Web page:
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Is Halliburton Company (HAL) a Good Stock to Buy?

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Despite a boom in oil and gas activity in the onshore U.S., Halliburton Company (NYSE:HAL) did not report particularly strong results in the first quarter of 2013. Despite the fact that overall revenue increased somewhat versus a year earlier, costs rose considerably and as a result after adding back the company’s loss contingencies we get that pretax income decreased by over 30%. Cash flow from operations did even worse, being half of what they were in Q1 2012 (and less than what Hallliburton used on capital expenditures, though it does have a sufficient cash base for now).

Wall Street analysts are expecting adjusted earnings per share figures of $3.19 for this year, which results in a current-year P/E multiple of 14. While we’ve mentioned Halliburton’s recent struggles, that could make for a reasonable valuation in our view given the business’s opportunities in oilfield services- it would be surprising if results didn’t improve slightly from this point. The sell-side then projects improvements in EPS for 2014 and beyond, implying a forward earnings multiple of 11 and a five-year PEG ratio of 0.8. We would note that Halliburton Company (NYSE:HAL) does have a beta of 1.9; this makes sense, as oil prices are tied to the overall economy and oil companies are more likely to drill (generating demand for Halliburton’s services both immediately and over the course of the production lifecycle) when prices are high.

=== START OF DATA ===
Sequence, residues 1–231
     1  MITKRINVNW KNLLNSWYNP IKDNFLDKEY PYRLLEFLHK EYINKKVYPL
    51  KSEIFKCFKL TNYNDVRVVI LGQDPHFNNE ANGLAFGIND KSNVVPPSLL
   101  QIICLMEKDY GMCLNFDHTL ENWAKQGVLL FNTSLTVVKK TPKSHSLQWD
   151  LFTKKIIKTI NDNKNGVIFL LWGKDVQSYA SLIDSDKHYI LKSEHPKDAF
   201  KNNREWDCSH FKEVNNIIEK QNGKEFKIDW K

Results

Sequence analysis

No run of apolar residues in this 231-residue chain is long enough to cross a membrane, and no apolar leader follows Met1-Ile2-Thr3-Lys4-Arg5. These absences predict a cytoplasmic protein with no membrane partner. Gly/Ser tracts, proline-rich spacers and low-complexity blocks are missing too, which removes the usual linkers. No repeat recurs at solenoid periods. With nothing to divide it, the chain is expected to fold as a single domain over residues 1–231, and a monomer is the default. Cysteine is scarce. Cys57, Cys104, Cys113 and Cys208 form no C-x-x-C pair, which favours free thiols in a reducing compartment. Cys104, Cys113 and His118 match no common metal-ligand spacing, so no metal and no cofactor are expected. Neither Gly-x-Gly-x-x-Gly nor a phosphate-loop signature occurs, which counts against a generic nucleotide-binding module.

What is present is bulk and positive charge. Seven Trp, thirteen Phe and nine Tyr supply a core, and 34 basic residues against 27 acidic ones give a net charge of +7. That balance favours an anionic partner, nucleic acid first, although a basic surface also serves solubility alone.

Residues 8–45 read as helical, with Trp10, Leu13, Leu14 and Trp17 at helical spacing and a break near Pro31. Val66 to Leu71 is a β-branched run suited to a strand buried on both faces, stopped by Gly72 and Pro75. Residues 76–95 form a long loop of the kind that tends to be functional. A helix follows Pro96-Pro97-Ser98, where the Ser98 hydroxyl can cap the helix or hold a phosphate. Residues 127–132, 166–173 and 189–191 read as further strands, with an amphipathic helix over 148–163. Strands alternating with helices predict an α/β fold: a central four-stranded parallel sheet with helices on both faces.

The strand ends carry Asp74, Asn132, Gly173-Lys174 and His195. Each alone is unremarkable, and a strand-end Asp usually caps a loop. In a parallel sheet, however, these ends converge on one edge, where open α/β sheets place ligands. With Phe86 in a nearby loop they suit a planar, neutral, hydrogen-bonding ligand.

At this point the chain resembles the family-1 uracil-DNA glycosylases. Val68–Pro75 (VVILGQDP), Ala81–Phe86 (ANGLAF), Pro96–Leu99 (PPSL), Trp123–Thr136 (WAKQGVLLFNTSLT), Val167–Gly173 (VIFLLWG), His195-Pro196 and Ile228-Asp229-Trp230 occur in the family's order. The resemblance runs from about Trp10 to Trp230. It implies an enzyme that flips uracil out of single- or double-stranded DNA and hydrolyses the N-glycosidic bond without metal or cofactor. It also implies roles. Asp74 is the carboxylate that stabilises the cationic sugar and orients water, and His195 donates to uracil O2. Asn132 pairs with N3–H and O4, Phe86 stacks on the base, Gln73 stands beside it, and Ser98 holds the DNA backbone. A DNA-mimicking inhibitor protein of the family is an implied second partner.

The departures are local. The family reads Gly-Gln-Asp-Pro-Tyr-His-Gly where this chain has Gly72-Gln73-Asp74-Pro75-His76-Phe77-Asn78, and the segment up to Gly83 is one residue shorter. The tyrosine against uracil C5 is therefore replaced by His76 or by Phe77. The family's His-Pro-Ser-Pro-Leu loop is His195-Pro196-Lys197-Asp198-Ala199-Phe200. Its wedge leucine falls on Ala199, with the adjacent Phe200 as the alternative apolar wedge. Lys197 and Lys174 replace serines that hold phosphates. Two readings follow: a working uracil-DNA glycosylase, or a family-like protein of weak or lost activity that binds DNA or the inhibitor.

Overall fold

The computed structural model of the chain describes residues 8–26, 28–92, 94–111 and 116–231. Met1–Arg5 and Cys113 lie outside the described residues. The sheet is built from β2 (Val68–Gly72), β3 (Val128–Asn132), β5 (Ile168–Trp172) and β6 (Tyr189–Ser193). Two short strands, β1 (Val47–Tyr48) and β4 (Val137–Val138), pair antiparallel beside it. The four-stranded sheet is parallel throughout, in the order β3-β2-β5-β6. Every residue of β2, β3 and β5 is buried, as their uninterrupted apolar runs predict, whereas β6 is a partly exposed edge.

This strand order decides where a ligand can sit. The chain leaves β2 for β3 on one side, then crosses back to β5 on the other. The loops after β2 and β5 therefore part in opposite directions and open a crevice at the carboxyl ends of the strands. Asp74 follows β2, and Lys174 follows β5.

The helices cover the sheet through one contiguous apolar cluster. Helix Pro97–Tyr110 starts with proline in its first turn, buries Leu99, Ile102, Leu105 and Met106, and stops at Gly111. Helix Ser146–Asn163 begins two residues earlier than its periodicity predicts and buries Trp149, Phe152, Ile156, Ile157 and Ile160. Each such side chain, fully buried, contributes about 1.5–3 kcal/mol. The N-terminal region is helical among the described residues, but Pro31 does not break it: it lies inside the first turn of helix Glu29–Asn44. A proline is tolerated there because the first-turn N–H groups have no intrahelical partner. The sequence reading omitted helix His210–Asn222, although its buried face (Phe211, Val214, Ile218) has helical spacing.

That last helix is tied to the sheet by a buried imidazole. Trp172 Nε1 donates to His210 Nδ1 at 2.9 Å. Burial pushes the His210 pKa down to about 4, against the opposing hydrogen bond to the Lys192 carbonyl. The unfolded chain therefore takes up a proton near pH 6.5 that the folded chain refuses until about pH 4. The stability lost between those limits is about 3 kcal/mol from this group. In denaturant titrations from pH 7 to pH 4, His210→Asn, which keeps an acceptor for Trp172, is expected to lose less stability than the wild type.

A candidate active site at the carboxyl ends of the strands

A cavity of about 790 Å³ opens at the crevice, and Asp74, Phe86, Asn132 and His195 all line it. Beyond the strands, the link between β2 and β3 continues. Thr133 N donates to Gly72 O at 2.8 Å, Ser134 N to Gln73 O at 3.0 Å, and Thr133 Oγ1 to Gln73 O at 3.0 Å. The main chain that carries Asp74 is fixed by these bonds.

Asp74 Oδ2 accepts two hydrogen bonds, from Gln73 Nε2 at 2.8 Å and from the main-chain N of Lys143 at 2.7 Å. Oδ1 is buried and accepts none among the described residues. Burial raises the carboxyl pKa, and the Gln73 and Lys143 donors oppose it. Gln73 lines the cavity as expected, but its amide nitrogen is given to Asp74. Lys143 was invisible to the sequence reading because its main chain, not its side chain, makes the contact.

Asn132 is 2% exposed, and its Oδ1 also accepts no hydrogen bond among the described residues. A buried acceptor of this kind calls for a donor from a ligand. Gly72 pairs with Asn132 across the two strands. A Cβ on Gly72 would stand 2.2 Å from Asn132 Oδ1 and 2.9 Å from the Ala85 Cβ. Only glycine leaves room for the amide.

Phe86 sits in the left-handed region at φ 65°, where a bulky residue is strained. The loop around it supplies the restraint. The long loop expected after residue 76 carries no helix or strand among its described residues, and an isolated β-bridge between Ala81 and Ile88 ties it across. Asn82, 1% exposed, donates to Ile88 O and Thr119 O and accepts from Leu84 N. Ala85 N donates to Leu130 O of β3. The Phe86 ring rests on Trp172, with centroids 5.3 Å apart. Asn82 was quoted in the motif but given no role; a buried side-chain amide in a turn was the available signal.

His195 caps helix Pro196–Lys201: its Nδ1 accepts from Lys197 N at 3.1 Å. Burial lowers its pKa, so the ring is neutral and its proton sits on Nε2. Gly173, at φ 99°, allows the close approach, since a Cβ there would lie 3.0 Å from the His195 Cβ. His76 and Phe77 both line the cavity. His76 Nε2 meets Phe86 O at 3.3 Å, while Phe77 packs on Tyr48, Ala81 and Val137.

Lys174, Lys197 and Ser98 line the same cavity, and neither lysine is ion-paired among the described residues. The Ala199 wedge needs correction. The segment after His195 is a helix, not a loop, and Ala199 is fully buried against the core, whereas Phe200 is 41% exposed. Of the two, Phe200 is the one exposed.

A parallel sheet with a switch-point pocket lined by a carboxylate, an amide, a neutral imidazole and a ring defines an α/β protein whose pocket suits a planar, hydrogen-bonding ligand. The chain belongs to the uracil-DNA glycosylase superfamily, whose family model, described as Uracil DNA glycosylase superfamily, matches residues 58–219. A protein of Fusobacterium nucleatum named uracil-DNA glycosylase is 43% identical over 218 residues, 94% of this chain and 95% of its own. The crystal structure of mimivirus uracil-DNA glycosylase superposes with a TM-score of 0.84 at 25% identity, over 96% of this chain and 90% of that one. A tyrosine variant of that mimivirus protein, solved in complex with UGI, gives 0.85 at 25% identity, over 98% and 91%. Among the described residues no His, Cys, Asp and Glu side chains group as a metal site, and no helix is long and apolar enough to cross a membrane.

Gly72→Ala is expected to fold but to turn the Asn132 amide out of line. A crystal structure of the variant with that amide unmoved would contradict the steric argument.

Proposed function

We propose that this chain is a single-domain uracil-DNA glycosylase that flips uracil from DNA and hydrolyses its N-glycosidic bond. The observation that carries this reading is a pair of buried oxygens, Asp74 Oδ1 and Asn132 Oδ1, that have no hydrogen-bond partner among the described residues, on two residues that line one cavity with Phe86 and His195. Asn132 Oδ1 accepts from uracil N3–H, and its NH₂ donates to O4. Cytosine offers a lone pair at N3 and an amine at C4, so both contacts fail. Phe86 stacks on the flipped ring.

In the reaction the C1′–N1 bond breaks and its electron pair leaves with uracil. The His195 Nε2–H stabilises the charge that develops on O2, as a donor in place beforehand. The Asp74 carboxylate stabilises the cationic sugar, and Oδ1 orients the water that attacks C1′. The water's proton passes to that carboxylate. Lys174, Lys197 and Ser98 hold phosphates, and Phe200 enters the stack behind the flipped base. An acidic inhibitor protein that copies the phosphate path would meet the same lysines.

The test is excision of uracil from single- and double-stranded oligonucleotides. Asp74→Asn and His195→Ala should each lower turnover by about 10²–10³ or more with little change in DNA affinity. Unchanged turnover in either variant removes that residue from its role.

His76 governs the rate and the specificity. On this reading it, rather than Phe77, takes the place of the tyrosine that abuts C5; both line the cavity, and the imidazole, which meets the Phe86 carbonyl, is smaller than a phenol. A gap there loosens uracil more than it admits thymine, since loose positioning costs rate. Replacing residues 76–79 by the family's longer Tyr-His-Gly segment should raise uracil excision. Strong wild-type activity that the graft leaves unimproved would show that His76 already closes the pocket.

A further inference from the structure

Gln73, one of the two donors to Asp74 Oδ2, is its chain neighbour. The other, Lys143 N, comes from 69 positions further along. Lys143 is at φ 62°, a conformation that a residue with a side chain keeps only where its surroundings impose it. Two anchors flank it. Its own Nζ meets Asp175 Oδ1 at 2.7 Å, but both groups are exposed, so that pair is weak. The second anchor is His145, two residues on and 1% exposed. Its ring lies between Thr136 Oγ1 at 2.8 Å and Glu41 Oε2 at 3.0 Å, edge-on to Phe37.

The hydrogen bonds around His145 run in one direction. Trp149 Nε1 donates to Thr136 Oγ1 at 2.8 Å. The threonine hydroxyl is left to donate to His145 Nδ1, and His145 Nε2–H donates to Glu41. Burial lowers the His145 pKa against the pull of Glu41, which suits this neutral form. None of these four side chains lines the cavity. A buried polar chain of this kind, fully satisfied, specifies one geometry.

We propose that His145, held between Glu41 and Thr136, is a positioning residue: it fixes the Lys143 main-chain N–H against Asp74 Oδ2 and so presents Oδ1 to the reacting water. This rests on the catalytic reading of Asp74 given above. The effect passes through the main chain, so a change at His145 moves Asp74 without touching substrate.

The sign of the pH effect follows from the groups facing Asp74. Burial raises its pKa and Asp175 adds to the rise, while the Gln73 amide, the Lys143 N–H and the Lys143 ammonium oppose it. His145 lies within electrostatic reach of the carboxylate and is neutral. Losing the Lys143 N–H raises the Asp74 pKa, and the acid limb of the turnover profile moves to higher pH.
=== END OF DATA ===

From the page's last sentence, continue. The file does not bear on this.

As part of our work researching investment strategies, we track quarterly 13F filings from hundreds of hedge funds and other notable investors; we’ve found that the most popular small cap stocks among hedge funds earn an average excess return of 18 percentage points per year (learn more about our small cap strategy) and think that more techniques are possible as well. We can see from our database that billionaire Leon Cooperman’s Omega Advisors had just over 4 million shares of Halliburton Company (NYSE:HAL) in its portfolio as of the end of March (see Cooperman’s stock picks) while Citadel Investment Group, managed by billionaire Ken Griffin, reported a position of 2.4 million shares (find Griffin’s favorite stocks).

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